To have standing, a plaintiff must have suffered an injury in fact. That is, there must be a causal connection between the injury and the conduct under consideration by the court. Furthermore, the court must be able to redress the injury through its ruling.
The trouble is that it’s not clear that the state’s requirement to negotiate with the tribes has injured Maverick Gaming. Maverick argues that the state, as a sovereign, cannot be compelled to enter negotiations. However, the state appears to have negotiated willingly, and Maverick Gaming itself was not forced into negotiations. In fact, its complaint is that it was left out.
As a result, it is not clear that the Maverick Gaming group is the ideal plaintiff to advance this claim. To date, successful anti-commandeering cases have been those brought directly by governments and government officials who were themselves directed to take action by the federal government.
I have not been able to find an instance in which a non-governmental third party successfully brought an anti-commandeering claim. If the Governor of a state wished to avoid negotiations, they might have better chances of success with this argument, but no such plaintiff has come forward.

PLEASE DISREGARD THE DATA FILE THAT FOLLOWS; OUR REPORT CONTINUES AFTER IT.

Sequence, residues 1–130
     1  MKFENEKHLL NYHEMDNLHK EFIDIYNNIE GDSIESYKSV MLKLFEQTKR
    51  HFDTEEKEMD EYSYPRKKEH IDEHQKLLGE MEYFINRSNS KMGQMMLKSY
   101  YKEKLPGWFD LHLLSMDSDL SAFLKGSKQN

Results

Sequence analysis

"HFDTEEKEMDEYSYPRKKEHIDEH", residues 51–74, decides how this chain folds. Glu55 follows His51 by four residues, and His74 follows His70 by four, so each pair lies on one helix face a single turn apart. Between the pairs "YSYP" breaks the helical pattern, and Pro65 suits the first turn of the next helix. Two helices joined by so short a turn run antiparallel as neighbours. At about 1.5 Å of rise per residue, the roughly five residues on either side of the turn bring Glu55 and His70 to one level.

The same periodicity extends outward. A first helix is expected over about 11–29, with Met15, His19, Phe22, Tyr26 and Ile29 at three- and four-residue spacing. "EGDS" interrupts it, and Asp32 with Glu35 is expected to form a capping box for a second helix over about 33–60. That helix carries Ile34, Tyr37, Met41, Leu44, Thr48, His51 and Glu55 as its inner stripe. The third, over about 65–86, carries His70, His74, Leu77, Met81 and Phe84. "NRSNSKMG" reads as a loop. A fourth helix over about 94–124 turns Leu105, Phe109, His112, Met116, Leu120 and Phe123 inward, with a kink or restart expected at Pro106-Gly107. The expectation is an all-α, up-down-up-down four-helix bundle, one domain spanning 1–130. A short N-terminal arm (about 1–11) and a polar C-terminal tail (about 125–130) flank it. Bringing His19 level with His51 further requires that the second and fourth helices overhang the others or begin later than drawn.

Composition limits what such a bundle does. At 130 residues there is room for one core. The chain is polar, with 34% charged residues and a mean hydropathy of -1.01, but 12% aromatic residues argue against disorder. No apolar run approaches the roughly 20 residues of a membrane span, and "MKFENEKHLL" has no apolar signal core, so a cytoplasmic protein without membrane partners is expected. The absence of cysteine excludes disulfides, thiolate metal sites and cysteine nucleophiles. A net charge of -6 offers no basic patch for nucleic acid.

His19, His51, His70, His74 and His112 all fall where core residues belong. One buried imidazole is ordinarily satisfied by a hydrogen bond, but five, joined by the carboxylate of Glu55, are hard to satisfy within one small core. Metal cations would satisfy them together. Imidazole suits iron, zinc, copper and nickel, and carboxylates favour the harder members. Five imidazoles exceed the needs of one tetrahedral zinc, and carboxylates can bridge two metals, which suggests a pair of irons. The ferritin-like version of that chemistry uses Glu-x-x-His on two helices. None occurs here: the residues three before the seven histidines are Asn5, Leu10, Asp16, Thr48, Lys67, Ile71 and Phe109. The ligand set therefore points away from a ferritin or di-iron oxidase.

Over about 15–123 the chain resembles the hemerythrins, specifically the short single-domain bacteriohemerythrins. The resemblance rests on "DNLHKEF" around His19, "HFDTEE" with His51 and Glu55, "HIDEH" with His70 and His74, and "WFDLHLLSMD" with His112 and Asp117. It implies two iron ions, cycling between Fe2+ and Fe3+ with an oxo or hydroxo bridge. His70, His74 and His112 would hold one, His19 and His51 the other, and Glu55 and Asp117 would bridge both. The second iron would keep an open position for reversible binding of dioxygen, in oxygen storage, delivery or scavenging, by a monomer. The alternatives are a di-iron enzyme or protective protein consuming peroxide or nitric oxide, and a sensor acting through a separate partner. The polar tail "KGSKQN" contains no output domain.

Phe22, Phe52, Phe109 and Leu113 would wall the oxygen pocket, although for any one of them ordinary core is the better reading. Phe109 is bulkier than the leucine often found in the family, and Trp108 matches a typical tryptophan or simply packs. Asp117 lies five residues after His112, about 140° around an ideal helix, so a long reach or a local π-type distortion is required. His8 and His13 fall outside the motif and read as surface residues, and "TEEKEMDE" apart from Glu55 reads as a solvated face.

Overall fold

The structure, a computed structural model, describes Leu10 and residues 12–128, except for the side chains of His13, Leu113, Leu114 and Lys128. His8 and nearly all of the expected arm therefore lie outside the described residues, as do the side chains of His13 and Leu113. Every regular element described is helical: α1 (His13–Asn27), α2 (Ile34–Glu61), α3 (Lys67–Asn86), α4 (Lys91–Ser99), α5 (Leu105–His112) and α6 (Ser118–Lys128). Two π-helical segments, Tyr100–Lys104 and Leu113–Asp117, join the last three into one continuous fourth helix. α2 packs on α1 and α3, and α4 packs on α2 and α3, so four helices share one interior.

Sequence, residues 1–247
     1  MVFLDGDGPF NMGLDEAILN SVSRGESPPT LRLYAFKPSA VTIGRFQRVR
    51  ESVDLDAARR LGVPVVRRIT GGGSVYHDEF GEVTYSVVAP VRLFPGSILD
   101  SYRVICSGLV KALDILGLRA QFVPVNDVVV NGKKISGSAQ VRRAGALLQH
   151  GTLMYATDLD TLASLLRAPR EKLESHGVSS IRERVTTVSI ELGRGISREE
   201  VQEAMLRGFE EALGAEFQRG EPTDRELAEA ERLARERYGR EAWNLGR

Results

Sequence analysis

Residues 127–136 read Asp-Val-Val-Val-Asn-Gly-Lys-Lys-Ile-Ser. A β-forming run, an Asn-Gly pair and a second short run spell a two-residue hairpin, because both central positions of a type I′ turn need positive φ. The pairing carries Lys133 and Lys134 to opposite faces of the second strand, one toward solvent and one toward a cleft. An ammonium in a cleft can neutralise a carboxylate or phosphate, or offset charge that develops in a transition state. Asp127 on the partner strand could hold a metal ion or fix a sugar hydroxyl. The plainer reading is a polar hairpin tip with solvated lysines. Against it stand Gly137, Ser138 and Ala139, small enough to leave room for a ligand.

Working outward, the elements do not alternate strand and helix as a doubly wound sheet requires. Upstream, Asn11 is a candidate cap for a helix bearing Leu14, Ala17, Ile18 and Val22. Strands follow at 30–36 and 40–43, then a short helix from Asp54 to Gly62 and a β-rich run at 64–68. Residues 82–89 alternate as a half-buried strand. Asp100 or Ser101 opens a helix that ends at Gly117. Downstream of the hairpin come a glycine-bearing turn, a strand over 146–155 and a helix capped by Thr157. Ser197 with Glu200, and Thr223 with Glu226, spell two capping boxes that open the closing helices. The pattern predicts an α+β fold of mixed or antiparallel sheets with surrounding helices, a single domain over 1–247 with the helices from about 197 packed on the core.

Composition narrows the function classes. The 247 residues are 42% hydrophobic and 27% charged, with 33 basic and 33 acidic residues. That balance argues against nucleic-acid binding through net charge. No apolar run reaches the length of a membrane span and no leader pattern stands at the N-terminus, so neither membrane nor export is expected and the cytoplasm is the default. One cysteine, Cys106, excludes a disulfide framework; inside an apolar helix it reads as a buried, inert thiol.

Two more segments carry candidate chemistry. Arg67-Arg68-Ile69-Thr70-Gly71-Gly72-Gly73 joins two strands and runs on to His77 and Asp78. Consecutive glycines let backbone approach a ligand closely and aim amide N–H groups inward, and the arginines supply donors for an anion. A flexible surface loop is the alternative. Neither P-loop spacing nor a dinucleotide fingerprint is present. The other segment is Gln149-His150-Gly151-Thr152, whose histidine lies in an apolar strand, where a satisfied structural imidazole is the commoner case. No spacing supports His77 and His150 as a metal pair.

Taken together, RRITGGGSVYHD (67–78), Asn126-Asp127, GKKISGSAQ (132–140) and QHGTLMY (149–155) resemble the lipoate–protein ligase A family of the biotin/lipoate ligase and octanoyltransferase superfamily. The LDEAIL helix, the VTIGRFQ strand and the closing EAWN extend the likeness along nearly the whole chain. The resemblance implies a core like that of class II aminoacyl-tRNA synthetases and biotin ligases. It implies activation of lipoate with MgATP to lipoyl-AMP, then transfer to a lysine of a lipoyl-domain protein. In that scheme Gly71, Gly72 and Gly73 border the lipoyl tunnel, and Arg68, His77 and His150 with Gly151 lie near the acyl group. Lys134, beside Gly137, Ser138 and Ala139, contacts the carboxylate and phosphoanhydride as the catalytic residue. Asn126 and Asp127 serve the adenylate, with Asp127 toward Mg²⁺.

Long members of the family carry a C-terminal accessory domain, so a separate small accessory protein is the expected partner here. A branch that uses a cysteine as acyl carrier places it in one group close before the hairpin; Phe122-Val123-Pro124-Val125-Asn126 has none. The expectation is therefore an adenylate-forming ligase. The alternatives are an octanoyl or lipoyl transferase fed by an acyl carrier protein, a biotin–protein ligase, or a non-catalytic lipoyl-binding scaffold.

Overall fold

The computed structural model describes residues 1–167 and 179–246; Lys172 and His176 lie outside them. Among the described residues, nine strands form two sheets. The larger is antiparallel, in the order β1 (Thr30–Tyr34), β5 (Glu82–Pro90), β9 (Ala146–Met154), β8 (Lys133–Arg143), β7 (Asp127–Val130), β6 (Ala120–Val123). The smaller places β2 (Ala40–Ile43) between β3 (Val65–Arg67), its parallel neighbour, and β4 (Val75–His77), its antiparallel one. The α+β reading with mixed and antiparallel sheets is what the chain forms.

What Would This Argument Mean for the IGRA?
It’s probably good news for tribal gaming that Maverick’s standing looks shaky.
If the anti-commandeering argument were to prevail – either in this suit or a similar one with a different plaintiff – that could be devastating for the IGRA.
It’s the requirement to negotiate that makes the law such a powerful tool for the advancement of tribal gaming. The Supreme Court has only found violations of the anti-commandeering principle on three occasions.
However, the recency of the PASPA decision and the current composition of the Supreme Court could make the “shall negotiate” language problematic if the case were to make it that far.
What would happen if states could no longer be obligated to negotiate gaming with tribes? That’s hard to say, but it would certainly take away much of the leverage tribes currently hold, and be a significant departure from the current paradigm.